the Commission for Social Communications of the European Episcopate. "We
belong to a people which has become progressively secularized by a
culture that is largely media-controlled and yet we often neglect those
very media which could help us to evangelize our culture more widely and
more effectively. The media challenge us but they do not have to be a
Cardinal Józef Glemp, president of the Polish Bishops' Conference, said
that "as Christians, we are not present in a sufficient way in the mass
media. Perhaps we are lacking the courage to introduce ourselves in
cultural areas and to look for trustworthy friends there."
Auxiliary Bishop Adam Lepa of Lodz, Poland, added: "Catholic media must
become a place of evangelization and not only a means for evangelization
(among other things, to witness faith). Journalists in the Catholic
media should be persuaded themselves that action upon public opinion
concerning things of the Church, doctrine, mission, and its true image
in society, is the most important means of evangelization."
Pro-lifers celebrate life on "D6B Day" with emphasis that we need more lives, not fewer in exposing the sham perpetrated by the culture of death advocates
Pro-lifers are taking the six billionth person born on this earth and running with him, rejoicing at the growth instead of the culture of death's outlook that the world is overpopulated. Pro-lifers want to expose the latter claim as a smokescreen to push contraception and abortion. The pro-life group want to prove how wrong Planned Parenthood and their agencies within the UN are, while urging more births for the world, claiming we should celebrate every life as a gift from God no matter how many are born as they look forward to the seventh and eighth billion child of God. For more, click on Celebrating more lives.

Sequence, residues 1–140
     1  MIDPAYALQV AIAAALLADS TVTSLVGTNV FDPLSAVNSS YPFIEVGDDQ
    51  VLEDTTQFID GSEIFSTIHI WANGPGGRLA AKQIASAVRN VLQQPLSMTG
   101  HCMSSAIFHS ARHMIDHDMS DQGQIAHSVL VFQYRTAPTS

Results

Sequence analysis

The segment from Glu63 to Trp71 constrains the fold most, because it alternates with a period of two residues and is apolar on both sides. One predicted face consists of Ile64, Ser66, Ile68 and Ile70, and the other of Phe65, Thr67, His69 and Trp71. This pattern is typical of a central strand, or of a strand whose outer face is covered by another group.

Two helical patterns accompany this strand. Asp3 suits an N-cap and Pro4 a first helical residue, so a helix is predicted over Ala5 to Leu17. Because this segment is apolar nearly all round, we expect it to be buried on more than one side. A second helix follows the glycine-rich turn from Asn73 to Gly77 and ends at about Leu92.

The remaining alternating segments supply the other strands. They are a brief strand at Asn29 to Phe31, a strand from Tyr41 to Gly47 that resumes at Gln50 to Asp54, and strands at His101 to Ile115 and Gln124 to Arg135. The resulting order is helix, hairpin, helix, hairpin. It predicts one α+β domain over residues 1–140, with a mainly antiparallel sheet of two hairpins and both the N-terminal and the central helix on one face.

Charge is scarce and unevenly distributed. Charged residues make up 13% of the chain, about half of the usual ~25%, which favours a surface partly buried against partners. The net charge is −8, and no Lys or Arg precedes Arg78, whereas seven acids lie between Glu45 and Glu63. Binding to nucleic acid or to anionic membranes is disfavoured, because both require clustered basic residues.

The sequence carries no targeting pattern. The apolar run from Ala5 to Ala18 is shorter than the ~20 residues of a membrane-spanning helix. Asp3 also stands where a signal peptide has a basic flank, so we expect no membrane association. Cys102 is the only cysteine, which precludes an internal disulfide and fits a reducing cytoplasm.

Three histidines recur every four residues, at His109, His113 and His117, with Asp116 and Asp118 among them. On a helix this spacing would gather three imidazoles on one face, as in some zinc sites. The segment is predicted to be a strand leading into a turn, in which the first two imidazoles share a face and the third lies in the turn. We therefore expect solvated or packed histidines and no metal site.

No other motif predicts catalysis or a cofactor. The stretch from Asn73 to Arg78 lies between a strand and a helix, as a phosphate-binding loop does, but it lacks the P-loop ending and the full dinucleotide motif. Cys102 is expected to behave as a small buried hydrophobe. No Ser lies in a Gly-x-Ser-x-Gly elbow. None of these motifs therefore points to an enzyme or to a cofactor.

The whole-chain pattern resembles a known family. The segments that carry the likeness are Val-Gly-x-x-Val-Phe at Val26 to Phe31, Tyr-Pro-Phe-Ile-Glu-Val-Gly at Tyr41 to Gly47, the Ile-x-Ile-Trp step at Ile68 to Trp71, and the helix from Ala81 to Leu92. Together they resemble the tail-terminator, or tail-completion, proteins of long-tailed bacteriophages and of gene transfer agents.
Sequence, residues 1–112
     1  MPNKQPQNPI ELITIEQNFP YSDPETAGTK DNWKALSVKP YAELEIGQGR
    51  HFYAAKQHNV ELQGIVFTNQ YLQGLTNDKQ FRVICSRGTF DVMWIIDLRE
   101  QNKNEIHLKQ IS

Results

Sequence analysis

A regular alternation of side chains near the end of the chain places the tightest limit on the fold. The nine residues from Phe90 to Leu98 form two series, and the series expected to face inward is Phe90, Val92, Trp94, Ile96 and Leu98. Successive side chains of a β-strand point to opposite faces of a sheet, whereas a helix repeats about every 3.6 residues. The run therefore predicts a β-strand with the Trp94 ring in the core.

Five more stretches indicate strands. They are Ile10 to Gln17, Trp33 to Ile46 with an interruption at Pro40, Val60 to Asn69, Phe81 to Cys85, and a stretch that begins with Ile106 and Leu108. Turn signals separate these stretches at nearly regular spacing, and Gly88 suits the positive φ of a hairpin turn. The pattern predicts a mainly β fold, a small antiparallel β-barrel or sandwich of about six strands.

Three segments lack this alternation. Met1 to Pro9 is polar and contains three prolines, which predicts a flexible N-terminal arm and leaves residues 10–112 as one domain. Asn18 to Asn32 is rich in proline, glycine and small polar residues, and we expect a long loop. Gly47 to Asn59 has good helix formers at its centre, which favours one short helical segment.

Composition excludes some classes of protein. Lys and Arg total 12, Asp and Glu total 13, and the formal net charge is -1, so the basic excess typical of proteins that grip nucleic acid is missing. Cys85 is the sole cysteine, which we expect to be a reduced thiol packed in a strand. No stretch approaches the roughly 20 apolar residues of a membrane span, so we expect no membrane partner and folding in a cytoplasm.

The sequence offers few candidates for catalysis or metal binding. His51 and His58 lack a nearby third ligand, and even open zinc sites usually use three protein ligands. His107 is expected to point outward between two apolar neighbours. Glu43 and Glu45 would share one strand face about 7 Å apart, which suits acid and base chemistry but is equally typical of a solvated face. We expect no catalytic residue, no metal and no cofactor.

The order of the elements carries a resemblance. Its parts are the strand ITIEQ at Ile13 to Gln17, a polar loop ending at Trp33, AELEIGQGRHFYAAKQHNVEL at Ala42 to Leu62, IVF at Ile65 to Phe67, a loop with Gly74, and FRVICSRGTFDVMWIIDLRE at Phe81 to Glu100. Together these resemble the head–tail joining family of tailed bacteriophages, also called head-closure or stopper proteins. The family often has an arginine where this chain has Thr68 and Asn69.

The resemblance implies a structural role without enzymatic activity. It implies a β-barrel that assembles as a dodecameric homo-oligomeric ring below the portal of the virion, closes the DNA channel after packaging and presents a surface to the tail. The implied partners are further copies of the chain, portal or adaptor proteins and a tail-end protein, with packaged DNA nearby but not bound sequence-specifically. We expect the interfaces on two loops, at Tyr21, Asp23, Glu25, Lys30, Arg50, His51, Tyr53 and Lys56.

PRO-LIFE GROUP URGES END TO POPULATION CONTROL ON "D6B" DAY
WASHINGTON, DC (CWNews.com) - Pro-life groups celebrated
the symbolic birth of Baby 6 Billion on Tuesday, the date
selected by the United Nations to represent the moment when
the world's population reached 6 billion.
The Population Research Institute said in a statement that,
rather marking the event, known as D6B, as a warning of
impending catastrophe, humanity should rejoice at the news.
"We ... celebrate the birth of Baby Six Billion. This little
girl (or boy) has been born into a world that is more
prosperous than our forbearers a few centuries ago could
have imagined," said PRI's president Steve Mosher. "He (or
she) will lead a longer and healthier life than even
royalty once enjoyed."
Mosher said in a press conference that the time had come
for an end to international population control measures. By
the year 2100, he said, world population will have
stabilized around 7-8 billion people, but per capita income
will have increased six-fold to around $30,000.
Mary Ann Kreitzer, head of the women's group Les Femmes des
Verite, also spoke at the conference, quoting Mother Teresa
in saying that "while each child has a mouth, he or she
also has two hands .... These children are the doctors,
inventors, and producers of the future."
UN and other international leaders have warned of the
effect of increasing population. World population growth
will result in "increasing pressure on the planet due to
wasteful and unbalanced consumption patterns and growing
numbers of people, raising demand for food and water
[while] global warming [will] result in possible changes
such as sea level rise [and] increased storms and floods
[that] could affect billions of people," said Dr. Nafis
Sadik, head of the United Nations Population Fund (UNFPA),
Mosher disputed those claims, saying that "they never show
you the population charts past 2040, when population growth
begins a long decline .... Malthus was wrong in the 19th
century, Ehrlich was wrong in the 1970s about The
Population Bomb, and these people are wrong about the
harmful effects of people."
For more headlines and articles, we suggest you go to the Catholic World News site at the
CWN home page and Church News at Noticias Eclesiales and the features, dossiers and Daily Dispatches at ZENIT International News Agency. CWN, NE and ZENIT are not affiliated with the Daily CATHOLIC but provide this service via e-mail to the Daily CATHOLIC Monday through Friday.
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October 14, 1999 volume 10, no. 196 DAILY CATHOLIC